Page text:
The appellants were the owners of a short-stay holiday rental property where the respondent, and some of his friends, were staying as part of a golfing weekend.
After a presentation of the golfing results, the respondent was awarded some golf balls and, after dropping one of them, he went to retrieve it. The respondent took one step down some stairs. As the ball of his right foot landed, the respondent slipped on the edge which caused him to fall and sustain injury.
At trial, Strathdee DCJ found for the respondent and awarded him $284,092.18 in damages.
(1) appeal allowed
(2) orders 1 and 2 made by the District Court on 31 August 2021 were set aside and, in lieu thereof, the statement of claim was dismissed with costs.
There were three main issues on appeal:
- the nature of the duty of care owed by the appellants
- the issue of breach and whether the appellants should have installed a handrail
- whether the installation of a handrail would have made any difference.
As to duty, the court found that the trial judge had misstated the duty in indicating that:
(1) The defendant owed a duty of care to the plaintiff as an invitee to the property and as a consumer of services pursuant to the rental contract.
(2) The duty of care included an obligation to ensure that the premises were safe and free of hazards.
(3) The obligation in relation to safety was an obligation to ensure that persons present could engage in ordinary social discourse and move around the premises freely and without encountering undue hazard.
The court considered that the primary judge’s reference to the respondent being a consumer of services, pursuant to the rental contract, was a distraction from the common law duty.
It was found that the appellants’ duty of care to the respondent, as a lawful entrant on the property, was simply “to take reasonable care to avoid a foreseeable risk of injury”: Australian Safeway Stores Pty Ltd v Zaluzna (1987) 162 CLR 479 at 488;  HCA 7.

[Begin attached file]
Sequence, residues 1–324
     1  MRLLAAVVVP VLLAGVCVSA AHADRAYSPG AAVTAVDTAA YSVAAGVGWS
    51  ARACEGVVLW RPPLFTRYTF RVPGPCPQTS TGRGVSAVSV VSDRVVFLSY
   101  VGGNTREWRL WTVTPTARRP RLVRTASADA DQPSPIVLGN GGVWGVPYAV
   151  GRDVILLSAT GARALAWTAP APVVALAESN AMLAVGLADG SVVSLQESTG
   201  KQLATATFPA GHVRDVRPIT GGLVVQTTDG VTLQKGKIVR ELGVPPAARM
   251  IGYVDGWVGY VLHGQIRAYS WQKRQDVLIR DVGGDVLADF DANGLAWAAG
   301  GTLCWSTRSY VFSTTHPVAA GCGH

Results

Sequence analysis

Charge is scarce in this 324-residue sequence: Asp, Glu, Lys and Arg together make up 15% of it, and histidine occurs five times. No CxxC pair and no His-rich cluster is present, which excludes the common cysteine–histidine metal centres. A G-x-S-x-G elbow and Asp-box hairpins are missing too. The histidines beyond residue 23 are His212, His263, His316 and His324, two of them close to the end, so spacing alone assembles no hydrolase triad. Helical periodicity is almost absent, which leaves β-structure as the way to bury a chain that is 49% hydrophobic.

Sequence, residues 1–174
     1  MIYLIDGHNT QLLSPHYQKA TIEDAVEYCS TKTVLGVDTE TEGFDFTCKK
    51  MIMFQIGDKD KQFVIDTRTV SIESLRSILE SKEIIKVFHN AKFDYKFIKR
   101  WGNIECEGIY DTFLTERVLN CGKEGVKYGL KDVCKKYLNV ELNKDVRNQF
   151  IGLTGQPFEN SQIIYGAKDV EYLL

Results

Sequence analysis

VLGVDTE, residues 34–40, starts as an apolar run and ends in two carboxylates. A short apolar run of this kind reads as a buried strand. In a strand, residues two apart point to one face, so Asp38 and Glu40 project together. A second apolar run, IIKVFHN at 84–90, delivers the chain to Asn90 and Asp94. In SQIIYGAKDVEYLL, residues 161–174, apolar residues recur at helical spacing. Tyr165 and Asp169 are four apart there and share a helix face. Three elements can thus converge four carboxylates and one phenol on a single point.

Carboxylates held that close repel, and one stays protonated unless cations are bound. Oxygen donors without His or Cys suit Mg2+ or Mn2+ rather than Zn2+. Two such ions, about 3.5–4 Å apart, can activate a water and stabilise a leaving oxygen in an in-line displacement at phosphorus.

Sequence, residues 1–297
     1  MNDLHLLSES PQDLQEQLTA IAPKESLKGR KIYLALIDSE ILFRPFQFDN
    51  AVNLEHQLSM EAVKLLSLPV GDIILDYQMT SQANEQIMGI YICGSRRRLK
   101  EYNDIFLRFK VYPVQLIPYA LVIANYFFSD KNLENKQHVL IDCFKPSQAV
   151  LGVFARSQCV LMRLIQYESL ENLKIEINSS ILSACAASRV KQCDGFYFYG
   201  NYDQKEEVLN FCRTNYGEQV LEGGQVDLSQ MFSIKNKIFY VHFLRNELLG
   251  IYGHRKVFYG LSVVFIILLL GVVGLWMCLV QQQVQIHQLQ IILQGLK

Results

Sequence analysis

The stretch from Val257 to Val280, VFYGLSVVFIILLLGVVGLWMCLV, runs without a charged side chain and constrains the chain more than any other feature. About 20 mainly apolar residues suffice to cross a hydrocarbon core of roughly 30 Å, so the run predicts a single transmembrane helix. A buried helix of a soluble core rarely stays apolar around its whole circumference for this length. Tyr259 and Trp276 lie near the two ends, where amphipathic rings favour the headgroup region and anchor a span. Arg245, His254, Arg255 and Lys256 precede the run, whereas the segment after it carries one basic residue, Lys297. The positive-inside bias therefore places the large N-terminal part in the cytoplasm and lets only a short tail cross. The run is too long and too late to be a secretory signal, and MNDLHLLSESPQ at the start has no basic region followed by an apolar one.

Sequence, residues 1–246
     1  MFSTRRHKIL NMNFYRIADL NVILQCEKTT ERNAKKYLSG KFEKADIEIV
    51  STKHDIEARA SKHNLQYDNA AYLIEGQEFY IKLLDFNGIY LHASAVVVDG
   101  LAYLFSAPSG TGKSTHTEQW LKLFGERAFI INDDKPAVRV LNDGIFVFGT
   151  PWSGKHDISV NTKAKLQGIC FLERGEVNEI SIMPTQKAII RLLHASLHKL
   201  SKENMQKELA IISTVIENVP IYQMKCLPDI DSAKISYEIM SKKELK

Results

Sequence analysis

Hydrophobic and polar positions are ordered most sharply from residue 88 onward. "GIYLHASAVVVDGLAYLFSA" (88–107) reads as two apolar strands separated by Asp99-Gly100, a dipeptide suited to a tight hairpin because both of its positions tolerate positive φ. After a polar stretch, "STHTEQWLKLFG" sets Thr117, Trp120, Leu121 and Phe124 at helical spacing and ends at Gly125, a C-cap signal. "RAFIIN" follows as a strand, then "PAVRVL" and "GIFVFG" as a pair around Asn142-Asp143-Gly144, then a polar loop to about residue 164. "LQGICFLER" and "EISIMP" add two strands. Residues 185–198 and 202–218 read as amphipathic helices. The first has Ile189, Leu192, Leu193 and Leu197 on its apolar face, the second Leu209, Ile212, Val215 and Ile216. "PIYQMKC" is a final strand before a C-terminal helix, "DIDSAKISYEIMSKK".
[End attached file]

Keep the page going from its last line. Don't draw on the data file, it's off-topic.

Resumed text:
On the issue of breach, the primary judge had identified that the relevant risk of harm was “that of a person slipping or falling on external helical stairs where no handrail was present”. It was accepted that the risk of harm was one which was reasonably foreseeable within the meaning of s5B(1)(a) of the Civil Liability Act 2002 (NSW).
Two experts agreed that the stairs were made from a material which was safe and non-slippery, even when wet. The court found that there was no proper basis for the primary judge’s conclusion that the stairs were slippery due to the accumulation of sea spray, moss or a combination of both.
The description of the slip given by the respondent indicated that his fall was caused by an overstep which, significantly, both experts agreed could be mistaken for the sensation of slipping. The court found that the risk of a person slipping and hurting themselves on the stairs – whether from a slippery surface and/or from overstepping – was slight, inherent and obvious.
In relation to the precautions that a reasonable person would have taken, the court considered that the stairs were an unremarkable set of short (only three) outside steps. It was considered that, if a handrail was required for these steps to avoid a breach of duty, countless other short sets of helical steps would be required in houses across the country.
Their Honours held that the law “does not require that resources be spent on risks such as those at issue here which are slight, inherent and obvious. Life is not required to be lived surrounded by cotton wool”.
As to causation, the primary judge found that a handrail could have assisted in either preventing or mitigating a fall. On appeal however, the court found that:
- the respondent did not make use of a vertical pole next to the stairs
- the fall happened quickly
- he was holding golf balls in his hands in any event
- his own evidence was that he had stepped as far to the outer edge as he could go.
Against that background, it was held that there was no basis for suggesting the position would have been any different had a handrail been in situ.
This compensation law casenote appears courtesy of Travis Schultz & Partners (TSP), where the author, Jemma Barnard, is an Associate. As part of the firm’s commitment to providing ongoing legal education, TSP practitioners review relevant judgments and prepare case summaries for the legal profession. A free searchable catalogue of compensation law casenotes is available at schultzlaw.com.au/case-summaries (registration required). The full version of the judgments can be found at austlii.edu.au.